MIDWAY — As Tuesday evening fell, David Williams entered the high tunnel and released his predators.
Not the menacing seek-and-slaughter killers you might imagine, but a burst of lady bugs.
It’s these dainty aphid eaters and her wingmen, aphidelites, that keep Sunset Market Gardens’ organic ecosystem humming along.
Seven greenhouses make up this up-and-coming certified organic Rockingham County farm where order and beauty reign.
Farmer Williams, 46, has an artist’s sensibilities, arranging his lettuce beds by alternating leaf shapes and colors in the way of a floral designer.
Through years of careful planning, self-education and research, the soft-spoken Williams has created a tidy paradise in which he can propagate vegetables with maximum efficiency.
Grant awards helped the Stokesdale native and his family erect large “high tunnel” greenhouses with computerized sensors. Sunlight and heat trip switches for fans and lift greenhouse “curtains’’ so seedlings may bathe in sunshine.
Ruby-skinned radishes burst forth above the soil line, plump and ready for harvest. Carrots and beets thrive here, too.
A father of three, Williams is lean with a low-key manner and speaks ardently about his commitment to growing healthy food.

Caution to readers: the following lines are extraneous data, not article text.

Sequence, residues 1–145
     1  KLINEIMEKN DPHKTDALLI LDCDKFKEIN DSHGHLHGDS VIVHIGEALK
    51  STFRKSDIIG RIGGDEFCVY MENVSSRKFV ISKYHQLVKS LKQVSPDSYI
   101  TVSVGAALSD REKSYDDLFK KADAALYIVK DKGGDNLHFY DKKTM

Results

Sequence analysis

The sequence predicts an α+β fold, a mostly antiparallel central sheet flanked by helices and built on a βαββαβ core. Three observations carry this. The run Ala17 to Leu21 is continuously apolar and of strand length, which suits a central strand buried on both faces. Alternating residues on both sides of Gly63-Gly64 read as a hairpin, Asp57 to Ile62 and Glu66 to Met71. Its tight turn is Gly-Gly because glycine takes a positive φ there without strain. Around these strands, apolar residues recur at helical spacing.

“We’re health-conscious people, and we believe you are what you eat,’’ said Williams, who began his career in horticulture as a landscaper and personal gardener in the early 1990s.
By 2012, he and his wife, NNeka, and sons Logan, 14, and Gavin, 12, were growing vegetables in their back yard. “That’s how we found our calling to start growing food,’’ Williams said of the move that also led the family to adopt a vegan diet, free of meat and dairy.
“Gardening was a way to interact with my sons and to teach them how good food is grown, and how good really healthy food tastes,’’ he said. He’s eager to teach such values to his daughter Falynn, 15 months, and another son due in the fall.
By December 2015, the family moved into their Woolen Store Road farmhouse, a soft green frame house Williams built himself. By fall 2016, they had one greenhouse up and producing. And by spring of 2017, Sunset Market Gardens was selling vegetables.
For the past two years, the farm has garnered a loyal following at the Greensboro Farmers Curb Market, where the family sets up every Saturday morning. Season-to-season, their bounty includes kale, heirloom tomatoes, mixed lettuces, baby greens, radishes, carrots, Asian turnips, summer squash, new potatoes, slicing and pickling cucumbers, eggplant, bell peppers, hot peppers, Swiss chard, bok choy, broccolli, fennel, cabbages, and herbs, such as basil and mint.
Among Williams’ most popular sellers — washed and ready-to-eat mixed salad greens. “And soon, we’re going to have micro greens available,’’ he said of the tender and tiny varieties of lettuces chefs use for garnish in better restaurants.
Sunset seeks to bring off-season veggies to consumers before anyone else, so Williams times his crops accordingly. For example, he will present an array of heirloom tomato varieties _ think Cherokee purple and German Johnsons — by late spring. “We wanna be the first ones to have them,’’ Williams said of the crop he will offer May through late July.
And he’s able to offer such exotic tasty varieties at a competitive rate by growing his tomatoes in the good company of other crops.